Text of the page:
2020 Kia Carnival recalled for potential engine fire
2020 Kia Carnival recalled for potential engine fire

Popular family car recalled for fire risk

Kia's popular people mover has been recalled for a possible fire risk.

The South Korean brand has recalled more than 2000 Kia Carnivals sold in the past year because an improperly fitted alternator could lead to an engine fire.

If the positive terminal on the alternator wasn't tightened properly during assembly then it can cause increased resistance, which could lead to increased heat generation and a possible fire.

Kia has recalled more than 2000 Carnivals sold in the past year.
Kia has recalled more than 2000 Carnivals sold in the past year.

The Australian Competition and Consumer Commission (ACCC) said in its recall notice that if the vehicle alternator overheats and this results in an engine compartment fire, it "increases the risk of an accident, serious injury or death to vehicle occupants and other road users".

All owners of affected vehicles will be contacted by Kia Australia via mail and asked to attend their nearest dealership for free repairs.

A potentially improperly fitted alternator could lead to an engine fire.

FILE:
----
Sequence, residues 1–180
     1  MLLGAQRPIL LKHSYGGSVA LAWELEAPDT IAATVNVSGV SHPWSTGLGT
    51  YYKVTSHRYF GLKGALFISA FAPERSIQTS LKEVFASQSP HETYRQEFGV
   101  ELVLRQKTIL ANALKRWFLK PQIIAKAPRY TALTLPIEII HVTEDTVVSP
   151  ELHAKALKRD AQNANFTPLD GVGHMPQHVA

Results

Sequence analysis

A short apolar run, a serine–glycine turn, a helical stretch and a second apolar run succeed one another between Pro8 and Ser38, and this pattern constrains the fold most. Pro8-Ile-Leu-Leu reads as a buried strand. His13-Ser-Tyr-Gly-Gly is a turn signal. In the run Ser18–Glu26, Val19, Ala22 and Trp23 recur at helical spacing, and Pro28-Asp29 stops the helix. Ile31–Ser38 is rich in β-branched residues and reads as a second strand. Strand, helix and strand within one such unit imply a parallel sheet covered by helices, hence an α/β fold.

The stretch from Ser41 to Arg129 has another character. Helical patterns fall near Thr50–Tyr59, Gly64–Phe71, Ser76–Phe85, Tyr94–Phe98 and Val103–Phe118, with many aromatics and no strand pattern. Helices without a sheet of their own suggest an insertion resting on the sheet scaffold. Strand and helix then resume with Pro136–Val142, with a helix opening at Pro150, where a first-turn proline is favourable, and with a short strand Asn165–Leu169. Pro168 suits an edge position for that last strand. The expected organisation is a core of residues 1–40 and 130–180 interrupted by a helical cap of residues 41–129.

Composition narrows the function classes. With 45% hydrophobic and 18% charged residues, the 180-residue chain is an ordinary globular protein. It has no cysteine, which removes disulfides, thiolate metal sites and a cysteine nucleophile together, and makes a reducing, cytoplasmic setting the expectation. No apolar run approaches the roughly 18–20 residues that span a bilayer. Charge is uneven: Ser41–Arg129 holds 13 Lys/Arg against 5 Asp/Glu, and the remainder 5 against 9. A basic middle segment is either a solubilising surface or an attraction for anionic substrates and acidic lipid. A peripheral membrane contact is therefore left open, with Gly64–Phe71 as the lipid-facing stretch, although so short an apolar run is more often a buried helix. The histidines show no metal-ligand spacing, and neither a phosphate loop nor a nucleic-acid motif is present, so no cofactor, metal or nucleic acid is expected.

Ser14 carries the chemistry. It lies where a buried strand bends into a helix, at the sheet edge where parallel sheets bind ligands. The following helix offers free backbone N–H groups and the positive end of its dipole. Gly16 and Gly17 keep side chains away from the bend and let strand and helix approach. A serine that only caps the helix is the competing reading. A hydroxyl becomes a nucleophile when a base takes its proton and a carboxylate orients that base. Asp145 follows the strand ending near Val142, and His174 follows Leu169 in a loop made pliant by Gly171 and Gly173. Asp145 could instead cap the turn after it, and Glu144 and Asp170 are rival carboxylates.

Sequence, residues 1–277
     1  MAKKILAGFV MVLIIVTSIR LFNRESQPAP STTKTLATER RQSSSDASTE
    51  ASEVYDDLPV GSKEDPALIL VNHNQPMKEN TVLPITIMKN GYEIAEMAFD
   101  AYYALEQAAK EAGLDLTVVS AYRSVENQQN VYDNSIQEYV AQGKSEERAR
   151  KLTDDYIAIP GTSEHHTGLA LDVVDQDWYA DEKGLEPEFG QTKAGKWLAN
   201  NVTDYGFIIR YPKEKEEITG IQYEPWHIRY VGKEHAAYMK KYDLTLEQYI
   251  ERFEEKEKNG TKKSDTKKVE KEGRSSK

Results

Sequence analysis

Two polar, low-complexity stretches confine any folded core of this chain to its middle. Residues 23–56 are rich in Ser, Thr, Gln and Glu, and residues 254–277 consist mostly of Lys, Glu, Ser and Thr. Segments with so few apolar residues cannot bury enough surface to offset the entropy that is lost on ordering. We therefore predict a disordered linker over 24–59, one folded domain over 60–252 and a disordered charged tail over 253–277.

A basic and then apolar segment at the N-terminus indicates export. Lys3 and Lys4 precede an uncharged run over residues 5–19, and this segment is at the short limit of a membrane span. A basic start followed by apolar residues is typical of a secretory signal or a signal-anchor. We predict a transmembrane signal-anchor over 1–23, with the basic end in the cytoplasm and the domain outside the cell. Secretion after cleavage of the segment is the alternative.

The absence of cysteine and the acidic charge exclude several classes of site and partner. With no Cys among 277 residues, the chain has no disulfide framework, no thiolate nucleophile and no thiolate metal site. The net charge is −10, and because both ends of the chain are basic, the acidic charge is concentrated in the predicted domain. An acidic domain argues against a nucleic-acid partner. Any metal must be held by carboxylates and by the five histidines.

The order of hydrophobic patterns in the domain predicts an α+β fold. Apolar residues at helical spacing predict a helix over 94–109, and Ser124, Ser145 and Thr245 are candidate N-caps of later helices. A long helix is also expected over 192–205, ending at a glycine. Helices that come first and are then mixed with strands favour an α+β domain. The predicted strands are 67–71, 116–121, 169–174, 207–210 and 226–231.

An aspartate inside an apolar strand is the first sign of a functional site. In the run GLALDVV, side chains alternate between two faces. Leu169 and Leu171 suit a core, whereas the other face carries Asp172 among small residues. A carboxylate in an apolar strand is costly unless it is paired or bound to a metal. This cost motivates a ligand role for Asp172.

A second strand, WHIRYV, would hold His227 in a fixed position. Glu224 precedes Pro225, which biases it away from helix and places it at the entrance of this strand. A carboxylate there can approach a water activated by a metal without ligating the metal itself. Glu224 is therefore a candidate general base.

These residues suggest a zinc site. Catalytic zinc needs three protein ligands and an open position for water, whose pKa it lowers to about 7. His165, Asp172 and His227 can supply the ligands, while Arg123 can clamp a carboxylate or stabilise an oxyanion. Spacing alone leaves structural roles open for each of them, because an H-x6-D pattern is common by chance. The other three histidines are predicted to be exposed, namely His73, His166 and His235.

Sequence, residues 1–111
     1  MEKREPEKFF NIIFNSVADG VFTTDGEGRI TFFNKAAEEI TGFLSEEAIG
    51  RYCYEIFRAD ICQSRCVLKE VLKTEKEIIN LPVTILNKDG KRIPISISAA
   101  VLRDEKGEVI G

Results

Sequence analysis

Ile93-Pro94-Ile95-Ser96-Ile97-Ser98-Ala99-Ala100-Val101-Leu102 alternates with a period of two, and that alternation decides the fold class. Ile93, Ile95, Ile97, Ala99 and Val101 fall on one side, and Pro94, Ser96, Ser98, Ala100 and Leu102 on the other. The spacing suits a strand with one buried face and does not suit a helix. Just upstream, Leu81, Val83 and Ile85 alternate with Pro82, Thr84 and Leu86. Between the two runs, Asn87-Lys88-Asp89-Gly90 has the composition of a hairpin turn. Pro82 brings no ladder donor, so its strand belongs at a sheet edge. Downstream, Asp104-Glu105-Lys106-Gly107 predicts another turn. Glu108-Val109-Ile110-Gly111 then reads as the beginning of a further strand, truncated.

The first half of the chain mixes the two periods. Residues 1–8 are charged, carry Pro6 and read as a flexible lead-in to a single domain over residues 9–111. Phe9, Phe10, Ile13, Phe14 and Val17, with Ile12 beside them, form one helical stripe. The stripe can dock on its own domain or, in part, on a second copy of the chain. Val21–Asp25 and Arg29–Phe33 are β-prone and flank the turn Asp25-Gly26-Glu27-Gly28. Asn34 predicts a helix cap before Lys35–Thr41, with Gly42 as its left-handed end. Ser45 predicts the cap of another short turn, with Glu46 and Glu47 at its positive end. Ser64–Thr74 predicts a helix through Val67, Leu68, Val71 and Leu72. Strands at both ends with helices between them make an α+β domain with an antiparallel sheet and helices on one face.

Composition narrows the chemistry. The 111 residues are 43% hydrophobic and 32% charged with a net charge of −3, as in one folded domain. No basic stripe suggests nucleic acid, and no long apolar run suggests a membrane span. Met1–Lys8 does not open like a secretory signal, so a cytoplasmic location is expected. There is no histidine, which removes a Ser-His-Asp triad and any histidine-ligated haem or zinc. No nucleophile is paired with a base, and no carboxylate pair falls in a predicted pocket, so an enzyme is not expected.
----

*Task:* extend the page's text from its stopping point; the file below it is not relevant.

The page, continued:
A potentially improperly fitted alternator could lead to an engine fire.

The big eight-seat Kia Carnival has taken over the mantle of Australia's favourite people-mover outselling its nearest rival the Honda Odyssey by about four-to-one this year, and has filled the void left by the departure of the iconic Toyota Tarago.

Great value is what drives the Kia's popularity with a benchmark seven-year unlimited kilometre warranty backed by sharp and competitive pricing.

The Carnival is loved by large families for its ability to carry eight people and also its massive cargo area.
The Carnival is loved by large families for its ability to carry eight people and also its massive cargo area.

Families can get an eight seater for less than $50,000 drive-away.

Despite its large size and ability to carry up to eight people the Carnival is surprisingly easier to drive and is more comfortable than similar sized SUVs.

Safety recalls are increasingly common as cars become more complicated. Earlier this month Volvo was forced into an embarrassing recall for faulty seat belts - a device the brand invented in the 1950s.

Toyota has also recently been forced to recall popular hybrid models due to the potential loss of power that could lead to a life-threatening accident.

Originally published as Popular family car recalled for fire risk



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